Design decisions often treat people unequally. Take a bicycle, for instance. Bicycles offer a relatively inexpensive, healthy, and environmentally friendly mode of transportation for billions of people around the world. Yet each bicycle that hits the market automatically excludes those living with certain disabilities.
“Even with the most benevolent technology, no matter how well-intentioned we are ethically, we are still inevitably being discriminatory,” says rising MIT senior Teresa Gao, who is double-majoring in computer science and brain and cognitive sciences.
This concept of discriminatory design was one Gao and about 40 other MIT students explored this summer in 24.133 (Experiential Ethics), a 10-week course offered by the MIT Schwarzman College of Computing’s Social and Ethical Responsibilities of Computing group, the Office of Experiential Learning, and the Department of Linguistics and Philosophy.
Now in its third year, the course covers ethical concepts and frameworks — such as the relationship between science, technology, and justice and how to navigate ethical conflicts responsibly — while challenging students to consider those principles during their day-to-day work at summer internships, jobs, or research experiences.
For Gao, who interned at Microsoft this summer, that meant pausing to consider how the products she is helping design could ultimately affect those who use them, and the broader impact her work, and that of her employer, could have on the world.
“It has been really beneficial to think about how this internship fits into my career. What are the factors I should be considering from an ethics point of view as I’m deciding the career path I want to follow?” she adds.
The course was designed to give students an opportunity to think about ethics and ethical decision-making through the lens of their own experiences, allowing students to explore connections between ethical theory and practice at the ground level, says Marion Boulicault, a postdoctoral scholar in ethics and technology at the Schwarzman College of Computing and a founder and director of the Experiential Ethics course.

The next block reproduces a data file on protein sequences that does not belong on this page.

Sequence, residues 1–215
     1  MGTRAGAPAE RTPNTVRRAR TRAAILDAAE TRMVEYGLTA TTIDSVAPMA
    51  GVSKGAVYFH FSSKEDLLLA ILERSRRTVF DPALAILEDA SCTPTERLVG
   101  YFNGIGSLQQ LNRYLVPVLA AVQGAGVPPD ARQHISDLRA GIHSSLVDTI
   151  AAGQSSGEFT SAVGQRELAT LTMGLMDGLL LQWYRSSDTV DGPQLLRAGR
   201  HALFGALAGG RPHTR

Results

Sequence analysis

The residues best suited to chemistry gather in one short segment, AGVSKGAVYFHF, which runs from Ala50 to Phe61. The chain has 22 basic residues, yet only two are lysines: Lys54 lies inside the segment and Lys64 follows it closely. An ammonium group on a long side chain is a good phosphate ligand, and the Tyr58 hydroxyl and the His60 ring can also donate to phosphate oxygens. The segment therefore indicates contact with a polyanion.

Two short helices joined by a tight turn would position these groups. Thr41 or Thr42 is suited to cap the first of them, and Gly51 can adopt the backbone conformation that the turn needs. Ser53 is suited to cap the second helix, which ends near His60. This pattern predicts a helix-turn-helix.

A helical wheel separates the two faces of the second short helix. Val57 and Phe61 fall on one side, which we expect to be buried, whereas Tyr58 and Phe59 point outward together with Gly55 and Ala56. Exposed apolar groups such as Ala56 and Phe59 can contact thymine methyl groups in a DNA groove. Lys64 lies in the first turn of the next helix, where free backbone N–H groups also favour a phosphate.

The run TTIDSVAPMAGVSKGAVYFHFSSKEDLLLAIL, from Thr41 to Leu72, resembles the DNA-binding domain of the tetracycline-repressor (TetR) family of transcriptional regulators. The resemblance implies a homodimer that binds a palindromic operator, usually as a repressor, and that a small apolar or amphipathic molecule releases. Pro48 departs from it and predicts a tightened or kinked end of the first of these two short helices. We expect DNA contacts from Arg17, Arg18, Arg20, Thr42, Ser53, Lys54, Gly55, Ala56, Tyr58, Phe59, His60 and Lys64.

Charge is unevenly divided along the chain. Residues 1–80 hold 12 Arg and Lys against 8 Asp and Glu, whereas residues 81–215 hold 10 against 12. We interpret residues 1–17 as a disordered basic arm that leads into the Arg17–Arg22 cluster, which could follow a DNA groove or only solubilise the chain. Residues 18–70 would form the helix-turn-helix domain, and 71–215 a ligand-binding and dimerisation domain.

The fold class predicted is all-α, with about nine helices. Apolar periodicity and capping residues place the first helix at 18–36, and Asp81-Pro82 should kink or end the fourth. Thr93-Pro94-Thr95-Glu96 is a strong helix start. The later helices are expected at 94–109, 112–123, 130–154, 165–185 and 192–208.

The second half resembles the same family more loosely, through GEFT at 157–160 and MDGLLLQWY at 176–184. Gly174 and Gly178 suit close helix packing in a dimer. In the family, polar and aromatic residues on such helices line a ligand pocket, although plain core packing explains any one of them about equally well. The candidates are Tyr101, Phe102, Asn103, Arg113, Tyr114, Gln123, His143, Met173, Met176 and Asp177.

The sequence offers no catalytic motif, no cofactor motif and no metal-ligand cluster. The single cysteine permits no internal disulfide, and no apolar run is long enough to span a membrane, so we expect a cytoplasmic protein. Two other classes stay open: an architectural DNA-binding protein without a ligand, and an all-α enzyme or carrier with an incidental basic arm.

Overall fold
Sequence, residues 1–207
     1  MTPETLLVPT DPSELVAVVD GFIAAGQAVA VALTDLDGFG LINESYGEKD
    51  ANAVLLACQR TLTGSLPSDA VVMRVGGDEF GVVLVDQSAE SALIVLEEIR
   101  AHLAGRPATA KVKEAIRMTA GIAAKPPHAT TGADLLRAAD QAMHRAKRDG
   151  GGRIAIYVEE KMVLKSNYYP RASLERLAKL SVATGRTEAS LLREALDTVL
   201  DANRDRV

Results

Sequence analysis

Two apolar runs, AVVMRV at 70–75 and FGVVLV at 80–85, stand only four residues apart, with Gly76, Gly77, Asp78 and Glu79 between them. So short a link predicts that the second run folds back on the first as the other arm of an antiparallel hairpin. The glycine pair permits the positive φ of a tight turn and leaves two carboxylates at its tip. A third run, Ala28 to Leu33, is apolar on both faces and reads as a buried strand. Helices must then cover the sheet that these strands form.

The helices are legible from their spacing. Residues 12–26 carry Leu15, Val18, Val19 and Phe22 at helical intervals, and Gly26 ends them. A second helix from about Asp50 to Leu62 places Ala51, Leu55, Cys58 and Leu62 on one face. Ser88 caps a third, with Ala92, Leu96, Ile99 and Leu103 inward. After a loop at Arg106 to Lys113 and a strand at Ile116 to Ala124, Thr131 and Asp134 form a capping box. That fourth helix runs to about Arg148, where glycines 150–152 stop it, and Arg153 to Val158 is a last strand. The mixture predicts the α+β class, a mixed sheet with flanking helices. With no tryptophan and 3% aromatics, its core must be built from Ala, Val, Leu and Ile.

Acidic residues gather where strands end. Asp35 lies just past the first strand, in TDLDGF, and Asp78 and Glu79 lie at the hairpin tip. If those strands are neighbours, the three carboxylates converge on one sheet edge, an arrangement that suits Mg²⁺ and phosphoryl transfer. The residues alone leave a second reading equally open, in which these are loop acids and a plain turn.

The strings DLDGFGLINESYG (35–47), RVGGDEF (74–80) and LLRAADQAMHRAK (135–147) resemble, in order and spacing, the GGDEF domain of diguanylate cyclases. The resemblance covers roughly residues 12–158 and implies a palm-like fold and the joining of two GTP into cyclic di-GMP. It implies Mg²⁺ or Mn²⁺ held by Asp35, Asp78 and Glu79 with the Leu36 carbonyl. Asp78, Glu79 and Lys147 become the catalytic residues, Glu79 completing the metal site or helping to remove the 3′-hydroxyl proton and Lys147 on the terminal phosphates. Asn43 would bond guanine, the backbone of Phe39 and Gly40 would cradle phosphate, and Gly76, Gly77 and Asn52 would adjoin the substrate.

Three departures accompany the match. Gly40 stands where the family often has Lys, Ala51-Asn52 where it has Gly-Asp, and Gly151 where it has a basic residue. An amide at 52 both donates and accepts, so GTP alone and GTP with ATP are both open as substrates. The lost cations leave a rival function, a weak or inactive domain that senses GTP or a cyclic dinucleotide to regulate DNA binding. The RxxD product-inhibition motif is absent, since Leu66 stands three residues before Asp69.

While students aren’t required to take the course in conjunction with a job, internship, or research experience, doing so gives them an opportunity to think about their future careers and ponder the impact they want to make on the world, says Kate Trimble, senior associate dean and director of the Office of Experiential Learning.
“This model is particularly interesting because during internships students are often trying on different professional identities. And we want them to be ethical professionals. So, we want them to be thinking about the ethical dimensions of this career pathway, and then when they launch out into the world, they are bringing that perspective with them,” she says.
Making ethics personal
Meeting virtually, the students participate in weekly discussion groups with five to 10 peers, each led by a graduate teaching fellow, during which they learn about ethical frameworks and discuss case studies. Weekly topics include: decision-making with stakeholders in mind (incorporating articles on the ethical implications of navigation apps) and whether technology can be value-neutral (drawing on a 1980 research paper titled “Do Artifacts Have Politics?” by Langdon Winner).
Based on class discussions, their goals, and experiences in summer programs, the students also complete a final project that they present to their peers and the broader MIT community at the annual MIT Ethics and Sustainability Student Showcase.
Through it all, they are encouraged to explore how they would address ethical dilemmas during their summer activities and beyond.
“For an ethics class where the focus is on the students’ personal experiences, that presents a challenge and an opportunity. It requires that students feel comfortable openly sharing and discussing their experiences about sometimes quite personal and difficult topics, such as workplace power dynamics and the role of technology in systems of oppression. But if we can create a space where students feel empowered to think about some of these really tricky ethical questions, it can be a really amazing opportunity for them to explore their values and think about their futures as technologists,” Boulicault says.